To avoid the problem of methane leaks, CNG vehicles should switch to 100% biomethane as soon as possible. This does not come from the earth’s soil, but from green fermentation plants. The possibilities are there, but for the time being, there is one filling station in our country that runs entirely on biomethane.
  • there is only a limited number of fuel stations supplying CNG. There will be many more in Belgium in the near future.
  • vehicles powered by CNG are not allowed in the Eurotunnel and some ferry companies impose administrative restrictions.
  • it is possible to convert your present car, but this is quite expensive (about €4,000). It’s therefore more worthwhile to invest in a 'native' CNG model.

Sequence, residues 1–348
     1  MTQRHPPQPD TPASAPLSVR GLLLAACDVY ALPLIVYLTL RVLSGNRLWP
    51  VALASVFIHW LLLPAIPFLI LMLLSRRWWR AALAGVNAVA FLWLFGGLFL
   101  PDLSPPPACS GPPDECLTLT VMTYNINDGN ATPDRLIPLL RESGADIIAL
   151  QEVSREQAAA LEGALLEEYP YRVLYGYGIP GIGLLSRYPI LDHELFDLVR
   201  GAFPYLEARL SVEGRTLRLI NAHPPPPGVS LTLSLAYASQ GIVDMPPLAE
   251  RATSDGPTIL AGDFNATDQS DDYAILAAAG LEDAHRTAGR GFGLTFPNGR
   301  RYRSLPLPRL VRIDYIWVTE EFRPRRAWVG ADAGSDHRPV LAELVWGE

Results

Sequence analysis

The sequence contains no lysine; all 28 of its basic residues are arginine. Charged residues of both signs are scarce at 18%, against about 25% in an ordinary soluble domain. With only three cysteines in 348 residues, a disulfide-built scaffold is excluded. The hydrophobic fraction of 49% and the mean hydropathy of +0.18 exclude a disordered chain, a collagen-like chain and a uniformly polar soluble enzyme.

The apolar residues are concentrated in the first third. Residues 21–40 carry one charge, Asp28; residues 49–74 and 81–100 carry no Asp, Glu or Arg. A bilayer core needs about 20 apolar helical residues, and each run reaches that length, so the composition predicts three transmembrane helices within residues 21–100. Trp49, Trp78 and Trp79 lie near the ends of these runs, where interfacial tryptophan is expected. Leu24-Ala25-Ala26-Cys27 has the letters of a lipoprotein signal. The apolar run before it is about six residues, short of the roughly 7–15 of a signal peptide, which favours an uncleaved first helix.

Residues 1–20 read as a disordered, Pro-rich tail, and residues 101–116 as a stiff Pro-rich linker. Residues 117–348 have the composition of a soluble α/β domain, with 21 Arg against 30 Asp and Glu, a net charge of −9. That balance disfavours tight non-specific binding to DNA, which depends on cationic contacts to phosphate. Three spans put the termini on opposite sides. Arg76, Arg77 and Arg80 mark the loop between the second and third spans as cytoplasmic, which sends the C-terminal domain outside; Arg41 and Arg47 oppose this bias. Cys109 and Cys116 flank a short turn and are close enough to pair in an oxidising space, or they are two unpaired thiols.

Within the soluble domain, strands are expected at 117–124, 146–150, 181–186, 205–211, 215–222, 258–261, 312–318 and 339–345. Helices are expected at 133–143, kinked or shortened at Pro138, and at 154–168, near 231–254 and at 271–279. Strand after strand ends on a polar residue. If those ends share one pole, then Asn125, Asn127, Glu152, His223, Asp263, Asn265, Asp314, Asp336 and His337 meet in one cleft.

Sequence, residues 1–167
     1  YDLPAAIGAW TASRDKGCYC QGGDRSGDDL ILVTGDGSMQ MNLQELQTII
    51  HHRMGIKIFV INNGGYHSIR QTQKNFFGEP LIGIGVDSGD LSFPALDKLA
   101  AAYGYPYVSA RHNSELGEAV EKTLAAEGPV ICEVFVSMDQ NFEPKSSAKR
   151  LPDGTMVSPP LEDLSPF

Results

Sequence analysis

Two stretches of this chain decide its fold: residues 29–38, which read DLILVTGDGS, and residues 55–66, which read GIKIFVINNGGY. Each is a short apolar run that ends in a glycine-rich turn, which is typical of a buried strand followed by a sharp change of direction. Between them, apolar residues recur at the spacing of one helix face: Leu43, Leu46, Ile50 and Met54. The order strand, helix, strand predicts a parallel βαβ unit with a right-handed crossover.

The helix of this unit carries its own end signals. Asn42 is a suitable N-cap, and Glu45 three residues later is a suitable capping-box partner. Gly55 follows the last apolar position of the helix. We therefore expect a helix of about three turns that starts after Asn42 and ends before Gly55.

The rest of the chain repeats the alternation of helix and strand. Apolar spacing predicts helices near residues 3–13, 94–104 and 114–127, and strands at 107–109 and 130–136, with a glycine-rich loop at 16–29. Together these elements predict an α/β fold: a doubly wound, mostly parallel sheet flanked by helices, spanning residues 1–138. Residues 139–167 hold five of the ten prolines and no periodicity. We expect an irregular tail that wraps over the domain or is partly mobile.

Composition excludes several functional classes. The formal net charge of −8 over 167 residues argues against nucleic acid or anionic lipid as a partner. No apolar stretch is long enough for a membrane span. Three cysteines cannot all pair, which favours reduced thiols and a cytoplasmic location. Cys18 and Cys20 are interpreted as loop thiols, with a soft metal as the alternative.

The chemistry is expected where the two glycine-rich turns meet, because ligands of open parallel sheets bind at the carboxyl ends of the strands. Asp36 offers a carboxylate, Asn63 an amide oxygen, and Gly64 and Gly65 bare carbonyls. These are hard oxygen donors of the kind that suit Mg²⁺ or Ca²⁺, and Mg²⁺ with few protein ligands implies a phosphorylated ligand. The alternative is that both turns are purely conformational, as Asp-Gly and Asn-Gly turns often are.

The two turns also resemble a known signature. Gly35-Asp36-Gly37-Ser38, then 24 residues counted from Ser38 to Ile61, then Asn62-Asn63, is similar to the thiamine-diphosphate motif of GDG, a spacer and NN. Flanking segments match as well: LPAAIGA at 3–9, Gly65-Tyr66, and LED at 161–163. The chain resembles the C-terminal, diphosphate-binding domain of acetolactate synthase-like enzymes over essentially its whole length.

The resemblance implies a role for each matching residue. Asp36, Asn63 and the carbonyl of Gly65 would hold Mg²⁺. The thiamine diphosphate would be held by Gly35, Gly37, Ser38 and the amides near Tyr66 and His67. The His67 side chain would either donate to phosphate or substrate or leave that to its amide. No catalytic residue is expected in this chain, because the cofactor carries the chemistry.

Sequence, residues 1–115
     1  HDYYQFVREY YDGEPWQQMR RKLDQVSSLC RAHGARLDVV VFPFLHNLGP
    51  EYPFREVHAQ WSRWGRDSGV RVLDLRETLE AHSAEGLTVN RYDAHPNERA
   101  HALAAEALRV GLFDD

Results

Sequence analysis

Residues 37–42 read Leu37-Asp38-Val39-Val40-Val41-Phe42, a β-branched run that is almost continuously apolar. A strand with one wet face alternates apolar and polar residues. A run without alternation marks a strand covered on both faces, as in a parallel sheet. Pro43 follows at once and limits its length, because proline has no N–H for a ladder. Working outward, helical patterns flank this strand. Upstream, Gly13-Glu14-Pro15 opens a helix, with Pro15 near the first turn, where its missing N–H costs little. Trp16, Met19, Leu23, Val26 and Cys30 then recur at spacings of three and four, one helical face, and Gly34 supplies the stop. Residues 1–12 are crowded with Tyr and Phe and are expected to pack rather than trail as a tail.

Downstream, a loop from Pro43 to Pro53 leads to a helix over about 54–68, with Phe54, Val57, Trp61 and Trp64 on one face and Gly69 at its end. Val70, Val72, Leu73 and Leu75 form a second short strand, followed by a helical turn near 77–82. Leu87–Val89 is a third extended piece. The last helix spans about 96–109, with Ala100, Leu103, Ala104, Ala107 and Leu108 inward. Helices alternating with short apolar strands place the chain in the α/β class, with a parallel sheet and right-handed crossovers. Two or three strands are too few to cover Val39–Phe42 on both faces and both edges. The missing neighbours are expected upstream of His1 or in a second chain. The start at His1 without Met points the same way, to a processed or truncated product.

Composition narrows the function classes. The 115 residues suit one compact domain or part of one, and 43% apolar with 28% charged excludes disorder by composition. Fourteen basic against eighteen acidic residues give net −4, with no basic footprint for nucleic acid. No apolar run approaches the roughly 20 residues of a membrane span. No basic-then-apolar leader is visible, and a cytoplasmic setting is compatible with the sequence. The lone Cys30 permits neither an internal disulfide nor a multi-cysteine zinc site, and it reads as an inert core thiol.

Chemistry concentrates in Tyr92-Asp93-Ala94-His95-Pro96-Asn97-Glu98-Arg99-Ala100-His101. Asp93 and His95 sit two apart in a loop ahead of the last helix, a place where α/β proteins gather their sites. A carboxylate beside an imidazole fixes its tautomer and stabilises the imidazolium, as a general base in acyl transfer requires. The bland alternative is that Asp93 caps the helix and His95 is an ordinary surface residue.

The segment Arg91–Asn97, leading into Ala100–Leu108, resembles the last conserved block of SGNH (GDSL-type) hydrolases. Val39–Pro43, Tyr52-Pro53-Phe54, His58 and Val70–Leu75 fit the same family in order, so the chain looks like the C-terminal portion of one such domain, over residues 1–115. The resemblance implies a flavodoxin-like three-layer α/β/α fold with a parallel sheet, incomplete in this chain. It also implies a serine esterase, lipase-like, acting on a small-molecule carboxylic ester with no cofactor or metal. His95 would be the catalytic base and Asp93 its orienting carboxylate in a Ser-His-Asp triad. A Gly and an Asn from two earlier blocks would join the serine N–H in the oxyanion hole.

More about environmental impact of CNG cars (in French)

Inspection and control

All vehicles powered by CNG must bear a CNG label in regulated format on their rear face.

The usual inspection of the car (first after 4 years and then annually) must be carried out by a GOCA inspection centre. This is the same procedure as for diesel and petrol cars.During the vehicle inspection, a brief CNG check (leak detection) will take place.

In addition, there is a 4-yearly inspection of the CNG tank. At the moment, only a few companies are authorized to do this (further information available from your fitter or garage). More and more automotive fitters/mechanics are following the Educam training. Eventually, therefore, the specialist dealers themselves will be authorized to carry out these checks.

Map of all the CNG fuel stations in Belgium


Show all CNG fuel stations in Belgium on a bigger map 

For a list of all the planned CNG fuel stations, go to ngva.be

More information on natural gas-fueled cars is available here.

(See also: 'What different types of electric car are available?')